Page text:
The research project was approved by the Research Ethics Committee of the institution under the number 4.391.196. All those responsible for the individuals included in the study protocol gave informed consent for participation. The selection of children and young people occurred according to their presence in outpatient care and previous analysis of medical records confirming the diagnosis of oropharyngeal dysphagia. They were invited to participate in the research and received explanations about the objectives and the method of collection. Such children and young people are followed up at the Specialties Clinic of Hospital XXX.
Assessment of oral hygiene and saliva collection were always performed by the same two professionals, one from the dentistry area and the other from the nursing area, both trained and experienced in the field. The professionals receive training to complete the oral hygiene assessment form and to collect saliva. The training consisted of images with visual support provided by the scale itself and prior analysis for consensus. The child or young person was positioned in the Kavo dental chair, model Unik, or even in their own wheelchair, according to the positioning need. During evaluation and collection, sterile gloves, dental oral clinical mirror, dental explorer probe, disposable plastic sucker, triple syringe attached to the dental chair with an air and water jet, reflector light from the dental chair, and an oral swab were used.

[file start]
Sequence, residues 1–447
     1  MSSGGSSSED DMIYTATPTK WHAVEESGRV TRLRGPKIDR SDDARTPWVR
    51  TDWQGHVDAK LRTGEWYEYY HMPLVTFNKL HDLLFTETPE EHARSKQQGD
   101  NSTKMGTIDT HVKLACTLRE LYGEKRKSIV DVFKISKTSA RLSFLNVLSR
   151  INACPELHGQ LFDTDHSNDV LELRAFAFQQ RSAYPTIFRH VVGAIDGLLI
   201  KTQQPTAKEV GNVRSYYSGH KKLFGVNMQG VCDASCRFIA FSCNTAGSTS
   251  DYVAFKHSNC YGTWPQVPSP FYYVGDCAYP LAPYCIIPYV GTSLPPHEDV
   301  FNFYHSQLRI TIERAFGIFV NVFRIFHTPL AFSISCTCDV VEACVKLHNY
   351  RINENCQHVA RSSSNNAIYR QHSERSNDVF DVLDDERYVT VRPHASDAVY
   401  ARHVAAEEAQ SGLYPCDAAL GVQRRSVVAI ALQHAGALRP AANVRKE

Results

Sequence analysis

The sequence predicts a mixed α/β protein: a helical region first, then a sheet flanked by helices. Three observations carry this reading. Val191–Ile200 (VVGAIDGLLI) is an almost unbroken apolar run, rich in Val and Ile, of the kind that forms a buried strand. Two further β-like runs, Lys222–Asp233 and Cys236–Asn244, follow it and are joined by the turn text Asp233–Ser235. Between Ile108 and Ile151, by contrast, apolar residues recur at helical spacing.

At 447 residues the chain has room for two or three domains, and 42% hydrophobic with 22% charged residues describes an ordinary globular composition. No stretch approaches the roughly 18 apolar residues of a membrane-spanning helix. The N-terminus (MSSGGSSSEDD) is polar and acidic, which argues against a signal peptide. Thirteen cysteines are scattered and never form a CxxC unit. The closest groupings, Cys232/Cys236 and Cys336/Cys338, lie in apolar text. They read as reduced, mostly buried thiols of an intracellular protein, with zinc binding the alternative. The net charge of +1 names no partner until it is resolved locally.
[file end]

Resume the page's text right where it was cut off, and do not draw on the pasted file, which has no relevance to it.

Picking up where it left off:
Simplified Oral Hygiene Index (SOHI)
In order to qualify oral hygiene, quantification of plaque deposit and dental calculus was performed in the entire sample population involved. Evaluation was carried out by the same professional specializing in the field of pediatric dentistry, with seven years of experience in serving this population. For this, the Simplified Oral Hygiene Index (SOHI) proposed by Greene and Vermillion13 was applied, in which the existence of a plaque or calculus was verified on the buccal surface of the number 11 tooth (upper right central incisor), 31 (lower left central incisor), 16 (upper right first molar) or 26 (upper left first molar), or on the lingual surface of tooth 36 (lower left first molar) or 46 (lower right first molar). In the absence of one tooth, we replaced it with another from the same group, used the same dental arch and the same quadrant; that is, we used the same dental arch and the same quadrant. Only fully erupted tooth were considered. In deciduous or mixed dentition, the buccal surface of tooth number 51 (upper right central incisor), 71 (lower left central incisor), 55 (upper right first molar), 65 (upper left first molar) was evaluated, as well as the lingual surface of tooth 75 (lower left first molar) and 85 (lower right first molar) (Fig. 1).
After cleaning the mouth with 100 mL of water, saliva was collected by scraping the inside of the cheeks with sterile swabs, making circular movements approximately 30 times. These swabs were cut and placed in 2 mL microtubes with gel inside. The collected samples were stored in a refrigerator at 4 °C for a period of up to seven days before the extraction of genomic DNA.
The saliva collected by oral swab allowed the investigation of two bacteria, Streptococcus mutans and Streptococcus sobrinus, through the expression of mRNA as measured by polymerase chain reaction (PCR). The analysis process is described below: